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December 2, 2017 I went cold turkey, but only because I felt like I was backed into a corner and didn't have a choice. I made it through because a surgeon said he would not do an operation on me if I had nicotine in my system. He actually gave me a nicotine test to make sure I was being honest when I said "I quit," but I passed it and have surgery scheduled for next week.
Nothing had worked for me down through the years, including gum, patches, dares, bets, prayers, self-shaming, love, health or money. Then along came Mr. Pain. Ah, yes. Mr. Pain. After 48 years of smoking I had finally found my motivation.
I did buy an inexpensive vape stick (with no nicotine juice) to take care of the hand-to-mouth-and-take-a-drag desire, but one month later I'm not using it at all. I credit that for helping me more than anything, especially in those circumstances where I would automatically fire up without thinking about it (like getting in my pickup truck). The cravings were insane.
I did a lot of things on the computer and lurked within several different quit smoking forums, searching for what to expect on whatever specific day I happened to be struggling through. I didn't care what to expect on the second or third month or a year down the road because I wasn't sure I'd make it that far. I typed up a storm while keeping a record of my journey. I made lengthy responses to posts I'd read through but never add them to the discussion because they were far too long. I was obsessed with finding out what I could expect tomorrow about cravings or anything related to smoking while at the same time prowling through forums about my specific back pain and the surgery others went through to get relief... or not. This post, by the way, will probably never be posted, but it's keeping my hands and mind busy.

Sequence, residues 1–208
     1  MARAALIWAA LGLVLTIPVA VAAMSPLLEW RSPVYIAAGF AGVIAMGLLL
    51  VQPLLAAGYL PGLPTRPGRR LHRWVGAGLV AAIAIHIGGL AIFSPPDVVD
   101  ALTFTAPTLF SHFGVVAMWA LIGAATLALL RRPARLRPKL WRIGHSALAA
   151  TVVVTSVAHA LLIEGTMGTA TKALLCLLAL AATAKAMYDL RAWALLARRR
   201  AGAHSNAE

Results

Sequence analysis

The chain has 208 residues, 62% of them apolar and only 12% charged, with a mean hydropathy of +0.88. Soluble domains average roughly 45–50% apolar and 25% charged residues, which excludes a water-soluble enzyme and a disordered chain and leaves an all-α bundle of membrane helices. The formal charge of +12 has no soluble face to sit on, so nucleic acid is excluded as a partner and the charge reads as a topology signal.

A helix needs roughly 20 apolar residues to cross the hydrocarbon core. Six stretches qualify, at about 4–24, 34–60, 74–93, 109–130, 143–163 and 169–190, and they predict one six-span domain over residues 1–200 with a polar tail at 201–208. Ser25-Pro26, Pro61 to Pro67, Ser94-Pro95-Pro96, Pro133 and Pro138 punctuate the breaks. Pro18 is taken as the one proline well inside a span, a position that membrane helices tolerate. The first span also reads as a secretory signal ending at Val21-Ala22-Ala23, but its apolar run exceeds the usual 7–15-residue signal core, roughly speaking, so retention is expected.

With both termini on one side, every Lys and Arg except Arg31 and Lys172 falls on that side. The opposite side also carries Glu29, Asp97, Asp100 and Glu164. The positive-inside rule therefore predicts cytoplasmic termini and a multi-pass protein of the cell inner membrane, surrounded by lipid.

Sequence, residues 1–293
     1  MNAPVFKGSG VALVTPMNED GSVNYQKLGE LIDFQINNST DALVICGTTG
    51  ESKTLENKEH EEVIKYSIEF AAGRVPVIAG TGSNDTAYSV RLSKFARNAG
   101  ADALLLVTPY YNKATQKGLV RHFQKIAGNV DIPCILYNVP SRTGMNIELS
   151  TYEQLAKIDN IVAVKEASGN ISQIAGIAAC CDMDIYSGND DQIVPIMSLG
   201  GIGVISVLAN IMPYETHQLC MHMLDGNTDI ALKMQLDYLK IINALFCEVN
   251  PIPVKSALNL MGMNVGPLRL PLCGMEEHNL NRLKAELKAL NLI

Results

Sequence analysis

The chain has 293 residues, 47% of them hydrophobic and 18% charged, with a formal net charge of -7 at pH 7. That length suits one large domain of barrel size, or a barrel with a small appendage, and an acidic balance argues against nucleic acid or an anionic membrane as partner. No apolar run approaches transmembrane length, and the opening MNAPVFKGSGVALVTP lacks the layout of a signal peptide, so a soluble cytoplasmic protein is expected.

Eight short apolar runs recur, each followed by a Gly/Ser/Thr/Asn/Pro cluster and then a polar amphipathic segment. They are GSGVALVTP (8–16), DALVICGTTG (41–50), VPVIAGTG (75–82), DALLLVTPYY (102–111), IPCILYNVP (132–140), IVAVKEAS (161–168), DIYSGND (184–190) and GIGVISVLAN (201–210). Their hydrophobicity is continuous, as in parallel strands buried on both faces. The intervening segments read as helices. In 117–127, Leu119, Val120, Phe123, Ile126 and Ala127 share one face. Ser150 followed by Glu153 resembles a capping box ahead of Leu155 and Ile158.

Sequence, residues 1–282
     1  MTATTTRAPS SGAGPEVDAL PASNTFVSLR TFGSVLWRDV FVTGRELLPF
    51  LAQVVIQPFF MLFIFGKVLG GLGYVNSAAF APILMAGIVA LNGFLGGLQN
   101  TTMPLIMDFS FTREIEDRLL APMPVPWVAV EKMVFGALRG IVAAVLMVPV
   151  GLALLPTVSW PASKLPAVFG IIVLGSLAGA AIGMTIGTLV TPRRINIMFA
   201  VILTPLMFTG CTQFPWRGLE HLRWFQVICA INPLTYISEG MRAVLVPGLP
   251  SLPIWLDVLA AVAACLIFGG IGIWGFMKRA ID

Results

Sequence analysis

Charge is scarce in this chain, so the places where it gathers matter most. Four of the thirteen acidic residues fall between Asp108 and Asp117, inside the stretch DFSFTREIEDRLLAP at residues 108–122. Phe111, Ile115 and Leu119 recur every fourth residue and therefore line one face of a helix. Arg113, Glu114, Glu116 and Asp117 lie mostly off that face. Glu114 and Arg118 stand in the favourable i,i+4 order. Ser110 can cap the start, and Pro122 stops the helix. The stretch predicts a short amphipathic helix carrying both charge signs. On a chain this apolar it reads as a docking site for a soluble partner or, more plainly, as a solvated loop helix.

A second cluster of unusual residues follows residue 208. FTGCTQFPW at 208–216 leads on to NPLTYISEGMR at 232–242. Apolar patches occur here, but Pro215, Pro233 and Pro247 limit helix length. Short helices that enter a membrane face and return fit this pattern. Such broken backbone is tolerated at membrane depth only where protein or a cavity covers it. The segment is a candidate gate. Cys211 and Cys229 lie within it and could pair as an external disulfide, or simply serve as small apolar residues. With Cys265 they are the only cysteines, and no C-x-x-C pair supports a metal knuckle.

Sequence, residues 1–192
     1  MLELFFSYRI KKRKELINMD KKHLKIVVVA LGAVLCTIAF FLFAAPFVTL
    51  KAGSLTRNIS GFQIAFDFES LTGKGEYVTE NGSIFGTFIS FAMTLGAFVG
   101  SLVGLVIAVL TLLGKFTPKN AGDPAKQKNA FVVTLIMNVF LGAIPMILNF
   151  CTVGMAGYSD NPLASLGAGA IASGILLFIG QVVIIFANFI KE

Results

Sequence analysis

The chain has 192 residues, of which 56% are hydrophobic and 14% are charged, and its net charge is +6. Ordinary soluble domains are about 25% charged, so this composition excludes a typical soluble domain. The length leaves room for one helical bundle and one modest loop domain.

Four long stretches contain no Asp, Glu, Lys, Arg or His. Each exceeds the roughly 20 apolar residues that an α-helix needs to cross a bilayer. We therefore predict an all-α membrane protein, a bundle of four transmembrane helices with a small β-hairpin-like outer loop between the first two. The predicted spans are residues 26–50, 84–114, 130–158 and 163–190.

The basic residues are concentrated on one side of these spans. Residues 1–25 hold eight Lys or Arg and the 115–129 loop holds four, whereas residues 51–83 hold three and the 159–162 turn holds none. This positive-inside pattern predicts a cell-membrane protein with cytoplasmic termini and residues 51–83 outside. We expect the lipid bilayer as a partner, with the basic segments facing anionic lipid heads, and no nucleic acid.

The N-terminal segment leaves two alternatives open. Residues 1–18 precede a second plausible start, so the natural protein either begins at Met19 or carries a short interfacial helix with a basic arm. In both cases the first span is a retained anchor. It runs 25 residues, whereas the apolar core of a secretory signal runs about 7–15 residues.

I otherwise occupied my hands by munching on pumpkin seeds, peanuts, mixed nuts, raw veggies, apple-cranberry juice (I feel like it cleaned my mouth out and cut the smoker taste), orange juice , and water. Lots and lots of water. Iced tea and coffee were triggers, so I backed off (but didn't quit) those. I also had popcorn, chips and other snacks; tended to get the flavored kind like BBQ, Vinegar, and Dill. Those, again, to cut the taste in my mouth. And I brushed my teeth and/or used a shot of mouthwash now and again throughout the day. Brushing was more to cut the taste of wanting a cigarette than to keep my teeth clean after eating through the day.
I had very vivid and weird dreams too... and I mean WEIRD dreams. No nightmares, though, and none I can remember where I smoked in them. In fact I could hardly remember much more than how weird those dreams were, so they weren't "bad" dreams. They were just.... weird.
Throughout the day, both at home and at work, I kept smelling phantom cigarette smoke somewhere close by. We live in the country, so it wasn't like I was smelling smoke from a neighbor's back porch or someone walking past the house. I work in a prison and it's a smoke free environment, so imagine the looks I got every evening while trying to find a phantom smoker who wasn't there.
So if you're trying to quit smoking, don't stop trying. Steady as she goes. Keep driving, trucker. Don't give up the ship. Hang in there. Maybe compare it being on a diet; if you get bucked off the horse by eating a donut (or twelve), don't beat yourself up for it... jump back in the saddle and continue on your way. Keep trying. If you get lucky you'll find your motivation sooner rather than later.
I've always admired a quitter.